Moving Your Completed Glasair in One Piece

Throughout the building process, my dad and I adopted a strategy of completing as much as possible while the plane was still in my garage. We then planned to disassemble the wing from the fuselage and move everything to the airport in two pieces, where it would be re-assembled for the last time. This approach enabled us to completely install the engine, prop, instrument panel, and all the wiring and plumbing systems ‘in the comfort of your own home’. However, as moving day approached and reality sank in, the magnitude of the moving job became apparent. Still doable, but definitely a lot of work. After indulging in some out-of-the-box thinking and planning, we were able to avoid disassembling and re-assembling the two halves altogether, by moving the entire package to the airport in one piece. Here’s how it went, in case anyone else is considering this approach.

Everything we knew suggested it would be impractical to transport my Glasair II RG in one piece, mainly because it would be way too wide to travel the 16 miles of public roads to the airport. The wingspan cleared my garage door opening by a mere inch, and I had doubts it would even pass between the large trees that lined my driveway to the street. So we had carefully designed and built everything that passed between the fuselage and wings such that disassembly would be as simple as possible (Molex connectors in wiring, couplings in hydraulic, fuel, brake, and vent systems, etc.). Still, once everything was installed, it became apparent what a time consuming chore moving it this way was really going to be. So we decided to do some quick checking, to see if the one-piece option really was infeasible. Boy were we glad we checked!


First I laid out the plan and elevation views of the plane on a flatbed, to minimize its overall dimensions. (Orienting the nose 45 degrees produced the narrowest load. Overall height was not a problem). After studying the road maps and plotting a route that would encounter the least traffic and most road width, I placed the all-important phone calls all the jurisdictions on the route (two counties, one city, and one township). I fully expected to be shot down immediately, but to my surprise they all indicated our plan was feasible provided we complied with certain safety requirements: We would have to obtain written permits from each office and pay the required fees (about $15 each). Travel would be restricted to the specified route. Travel had to be during daylight hours, but not during heavy traffic periods (so we agreed to travel at 7:30 am on a Sunday morning). The trailer would have to be accompanied by two escort vehicles, each equipped with ‘WIDE LOAD’ signs, flashing amber lights, and orange flags. In addition, we would have to abide by a myriad of other lesser regulations included in very fine print on the back of each permit. Still, we were more than happy to jump through these bureaucratic hoops to avoid undoing and redoing construction work we had already completed.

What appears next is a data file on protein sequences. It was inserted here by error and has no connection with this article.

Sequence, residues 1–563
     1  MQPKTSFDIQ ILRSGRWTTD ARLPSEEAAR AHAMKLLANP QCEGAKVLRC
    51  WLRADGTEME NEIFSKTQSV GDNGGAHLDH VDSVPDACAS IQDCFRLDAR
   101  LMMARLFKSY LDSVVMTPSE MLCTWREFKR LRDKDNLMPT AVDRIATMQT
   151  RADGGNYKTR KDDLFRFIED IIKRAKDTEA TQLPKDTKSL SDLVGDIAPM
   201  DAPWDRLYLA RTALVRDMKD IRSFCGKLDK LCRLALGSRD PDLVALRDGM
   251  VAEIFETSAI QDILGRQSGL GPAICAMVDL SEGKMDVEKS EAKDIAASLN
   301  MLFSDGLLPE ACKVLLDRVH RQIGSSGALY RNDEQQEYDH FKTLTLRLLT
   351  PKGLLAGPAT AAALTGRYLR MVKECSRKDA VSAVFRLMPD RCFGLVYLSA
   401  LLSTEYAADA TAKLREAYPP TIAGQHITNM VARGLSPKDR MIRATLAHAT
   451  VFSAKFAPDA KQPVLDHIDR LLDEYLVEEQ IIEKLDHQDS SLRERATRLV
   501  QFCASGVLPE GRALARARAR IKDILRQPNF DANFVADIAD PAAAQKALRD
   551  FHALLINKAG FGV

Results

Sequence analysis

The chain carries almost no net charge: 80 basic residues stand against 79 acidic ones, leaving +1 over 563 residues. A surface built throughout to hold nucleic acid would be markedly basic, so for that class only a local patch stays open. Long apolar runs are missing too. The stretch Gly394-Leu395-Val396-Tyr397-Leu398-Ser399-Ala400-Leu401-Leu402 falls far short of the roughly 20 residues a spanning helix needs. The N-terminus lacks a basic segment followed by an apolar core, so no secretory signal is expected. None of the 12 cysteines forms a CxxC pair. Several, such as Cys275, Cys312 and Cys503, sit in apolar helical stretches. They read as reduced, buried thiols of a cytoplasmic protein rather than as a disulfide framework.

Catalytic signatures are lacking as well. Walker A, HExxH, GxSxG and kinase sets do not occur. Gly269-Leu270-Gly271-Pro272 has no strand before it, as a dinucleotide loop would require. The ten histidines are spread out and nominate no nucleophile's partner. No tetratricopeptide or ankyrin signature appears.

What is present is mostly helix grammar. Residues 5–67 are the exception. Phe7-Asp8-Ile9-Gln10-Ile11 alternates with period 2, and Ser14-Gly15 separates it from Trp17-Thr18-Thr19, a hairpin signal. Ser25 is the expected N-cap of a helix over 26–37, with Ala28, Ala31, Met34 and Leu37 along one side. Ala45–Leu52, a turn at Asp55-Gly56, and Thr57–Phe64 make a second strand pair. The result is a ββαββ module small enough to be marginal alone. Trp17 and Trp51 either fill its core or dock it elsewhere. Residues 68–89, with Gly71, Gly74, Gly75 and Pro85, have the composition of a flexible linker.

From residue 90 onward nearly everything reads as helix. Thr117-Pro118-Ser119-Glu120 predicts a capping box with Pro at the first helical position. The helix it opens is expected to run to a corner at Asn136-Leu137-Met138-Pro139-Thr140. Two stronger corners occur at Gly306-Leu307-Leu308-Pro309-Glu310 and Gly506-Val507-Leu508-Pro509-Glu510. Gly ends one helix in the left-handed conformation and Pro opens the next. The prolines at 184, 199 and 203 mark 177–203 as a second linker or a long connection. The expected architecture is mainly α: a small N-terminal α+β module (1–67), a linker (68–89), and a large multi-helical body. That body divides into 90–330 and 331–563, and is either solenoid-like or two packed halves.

A key hurdle in moving the plane ‘whole’ was a simple one: most flatbeds are 8 feet wide but the Glasair’s main gear wheel base is about 9 feet. This would add a challenge to the loading & offloading steps. Our solution was to put the mains in a specially designed 10-foot-long, box-like, wooden skid. This skid would support the main wheels outside the trailer width, while the plane is winched onto & off of the bed. Once on the trailer deck, the skid would be used to help rotate the plane to a 45 degree ‘heading’. This rotation would serve several purposes: (1) it would reduce the load width from 23 feet to only 18 feet, (2) it would position all three gear securely over the bed and (3) it would locate all three gear near the tie-down rings along the edge of the deck.

I’m happy to report the entire operation went virtually without a hitch. Our Glasair is now sitting pretty in her proper home… the hangar. In hindsight, I’m convinced the keys to this successful mission were good planning and good people. My dad and I planned every detail carefully and that really paid off. And many thanks go to my new hangar-mate, Mike Rogers, who provided all kinds of help (again!). Obviously, finding a willing and qualified driver was also key. And several friends well-versed in the skills of rigging and hoisting also came in handy on move day. I could have hired a professional trucking company to handle everything, but it would have been five times the cost. Besides, the do-it-yourself approach provided a lot more fun to a lot more people. Considering the number of volunteers we had on move day, we probably could have lifted her onto & off of the bed literally ‘by hand’. But I was afraid someone would crack a good joke at a critical moment and….forget that plan!

I’m convinced the one-piece approach saved man-hours versus the two-piece approach for us, since so much of our construction was completed prior to the move. This may not be the best approach for everyone, since so much depends on your level of completion and your preparation. But I would definitely do it this way again. If anyone else is considering a similar approach, feel free to give me a call. I have a lot more pointers that could save you time.

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